When I first started drag it was not seen as something you should be proud of. It was kind of like something you did and other drag queens understood, and there was a small community, but other people – even queer people – were like: “I don’t think you should be doing this drag thing if you want to be taken seriously”.
There was no sort of encouragement, even within the drag community. You had to find tooth and nail, do it all yourself, and if someone was nice enough to help you, they were only probably going to help you once. They were only going to do your make-up once. There were no YouTube tutorials, no easy path. You did it because you loved it.
Now people understand the joy of drag and the fun and the excitement and the glamour and everybody wants to have a go. It’s like a 100 drag queens are breeding like rabbits. It’s wonderful to go to different cities all around the world and see different performers using their creativity to make wonderful outfits, performances and music, and seeing how drag has transcended beyond Drag Race and just become this global phenomenon. I think drag is probably the hottest thing in pop culture right now and it’s just getting bigger and bigger.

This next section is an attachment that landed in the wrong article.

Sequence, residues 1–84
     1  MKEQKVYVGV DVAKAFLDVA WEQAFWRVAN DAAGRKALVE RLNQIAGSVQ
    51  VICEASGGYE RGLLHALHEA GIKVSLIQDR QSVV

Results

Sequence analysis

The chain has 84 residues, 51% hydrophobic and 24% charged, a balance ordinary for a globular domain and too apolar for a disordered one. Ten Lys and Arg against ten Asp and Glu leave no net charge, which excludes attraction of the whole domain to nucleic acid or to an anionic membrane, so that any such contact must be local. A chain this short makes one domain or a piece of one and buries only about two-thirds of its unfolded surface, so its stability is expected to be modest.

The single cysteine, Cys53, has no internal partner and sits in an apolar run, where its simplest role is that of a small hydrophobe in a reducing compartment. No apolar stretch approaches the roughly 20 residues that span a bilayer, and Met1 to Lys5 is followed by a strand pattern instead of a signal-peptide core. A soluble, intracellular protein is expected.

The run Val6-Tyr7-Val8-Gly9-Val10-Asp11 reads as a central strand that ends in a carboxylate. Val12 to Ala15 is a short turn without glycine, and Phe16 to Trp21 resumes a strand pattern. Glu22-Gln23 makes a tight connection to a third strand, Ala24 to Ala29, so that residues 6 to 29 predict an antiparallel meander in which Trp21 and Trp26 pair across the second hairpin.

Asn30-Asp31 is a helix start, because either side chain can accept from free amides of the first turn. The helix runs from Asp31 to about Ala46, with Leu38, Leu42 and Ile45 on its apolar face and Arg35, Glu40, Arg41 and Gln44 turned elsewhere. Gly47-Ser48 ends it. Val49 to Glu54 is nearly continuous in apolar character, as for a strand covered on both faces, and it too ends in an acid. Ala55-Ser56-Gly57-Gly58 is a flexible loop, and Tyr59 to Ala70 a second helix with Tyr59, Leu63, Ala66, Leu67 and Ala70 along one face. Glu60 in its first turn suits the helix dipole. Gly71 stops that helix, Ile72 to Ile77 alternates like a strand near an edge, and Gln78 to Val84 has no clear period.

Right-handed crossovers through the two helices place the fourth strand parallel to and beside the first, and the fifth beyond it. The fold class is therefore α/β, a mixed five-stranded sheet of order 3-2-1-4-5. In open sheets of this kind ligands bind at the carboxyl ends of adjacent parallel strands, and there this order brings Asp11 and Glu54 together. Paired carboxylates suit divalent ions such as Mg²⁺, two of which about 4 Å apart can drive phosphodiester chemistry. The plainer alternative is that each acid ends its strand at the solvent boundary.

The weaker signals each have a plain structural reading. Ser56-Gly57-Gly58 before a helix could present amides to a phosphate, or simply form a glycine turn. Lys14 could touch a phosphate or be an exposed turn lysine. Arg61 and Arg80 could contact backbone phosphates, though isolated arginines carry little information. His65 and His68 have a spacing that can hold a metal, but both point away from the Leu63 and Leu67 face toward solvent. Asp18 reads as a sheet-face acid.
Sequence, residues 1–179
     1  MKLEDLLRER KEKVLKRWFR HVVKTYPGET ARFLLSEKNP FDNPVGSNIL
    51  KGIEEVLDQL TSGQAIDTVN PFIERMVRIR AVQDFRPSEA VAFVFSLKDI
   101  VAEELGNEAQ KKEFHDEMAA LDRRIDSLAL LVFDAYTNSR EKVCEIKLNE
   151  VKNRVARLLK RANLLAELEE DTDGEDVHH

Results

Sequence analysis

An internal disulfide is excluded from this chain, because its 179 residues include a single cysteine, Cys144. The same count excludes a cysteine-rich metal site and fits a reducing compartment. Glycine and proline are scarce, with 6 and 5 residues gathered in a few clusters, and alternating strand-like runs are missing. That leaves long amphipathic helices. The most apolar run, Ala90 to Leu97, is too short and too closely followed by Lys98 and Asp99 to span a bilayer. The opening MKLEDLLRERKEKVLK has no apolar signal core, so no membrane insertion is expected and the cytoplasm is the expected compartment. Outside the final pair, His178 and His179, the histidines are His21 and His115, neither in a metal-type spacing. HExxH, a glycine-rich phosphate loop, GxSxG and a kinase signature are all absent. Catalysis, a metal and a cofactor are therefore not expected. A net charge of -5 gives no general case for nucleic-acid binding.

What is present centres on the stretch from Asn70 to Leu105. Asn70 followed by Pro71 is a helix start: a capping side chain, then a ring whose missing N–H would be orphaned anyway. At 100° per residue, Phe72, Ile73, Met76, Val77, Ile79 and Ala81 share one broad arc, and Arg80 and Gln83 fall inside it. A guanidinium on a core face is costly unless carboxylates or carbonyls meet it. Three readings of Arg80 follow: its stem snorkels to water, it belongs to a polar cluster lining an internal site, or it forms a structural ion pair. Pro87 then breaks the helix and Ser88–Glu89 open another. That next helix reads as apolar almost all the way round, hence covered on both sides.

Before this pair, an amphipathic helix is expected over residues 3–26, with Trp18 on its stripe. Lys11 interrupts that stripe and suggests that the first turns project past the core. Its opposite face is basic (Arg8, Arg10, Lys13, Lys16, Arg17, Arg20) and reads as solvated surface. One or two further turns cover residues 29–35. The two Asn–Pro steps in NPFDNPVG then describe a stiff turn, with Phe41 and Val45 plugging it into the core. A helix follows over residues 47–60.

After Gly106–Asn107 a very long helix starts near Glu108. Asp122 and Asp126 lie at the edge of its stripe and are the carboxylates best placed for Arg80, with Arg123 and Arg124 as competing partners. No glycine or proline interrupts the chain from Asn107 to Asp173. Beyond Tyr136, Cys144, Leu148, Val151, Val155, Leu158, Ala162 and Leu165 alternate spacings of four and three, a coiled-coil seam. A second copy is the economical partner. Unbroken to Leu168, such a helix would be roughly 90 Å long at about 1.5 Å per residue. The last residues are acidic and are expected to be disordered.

When you started did you ever thing you’d be saying those words?
Absolutely not. It’s interesting because I remember going to Drag-Con in LA. I came down the escalator with my friend to 40,000 people gathered in the LA Convention Centre and my friend was like: “Wait, all these are here for drag queens?!” Having that sense of perspective was just amazing.
And with drag queens, we all do something different – you know there’s Bianca and Trixie and Bob doing stand-up comedy, and amazing visual queens like Kim Chi and Adore doing her rock. Everyone is doing their own thing and succeeding and it’s really wonderful to see.
So with drag queens breeding like rabbits, how do you stay top of the game?
I chose to just focus on my live show, my live cabaret shows like Under the Covers and doing some videos on YouTube. A few years ago I was sort of spreading myself a bit thin and trying to do lots of different things, and I thought what are the two things you really love doing the most. That was it, I decided to do more of those and just focus on that.
And then that led to different opportunities and now those opportunities will culminate in the television show.
What is life like on the road for Courtney Act and for Shane? Are you a party animal while you’re out on the road, do you like to take it nice and easy?
Nah, it’s really quite tame. Normally we do the show and we pack up. We load it onto the bus and then we go to bed at midnight and wake up at 8am the next morning, and hit the road to the next city. There’s not much opportunity for partying or extracurricular fun because I have to sing and the voice… well, you can put makeup on and cover bags under your eyes but there’s not really much you can do for your voice after a hard night out – so I usually just keep it pretty cute.
Catch Courtney Act keeping it cute when Under The Covers reaches Edinburgh Fringe Festival, followed by a Coventry show in August. Tickets for her headline show are available now through Ticketmaster.co.uk.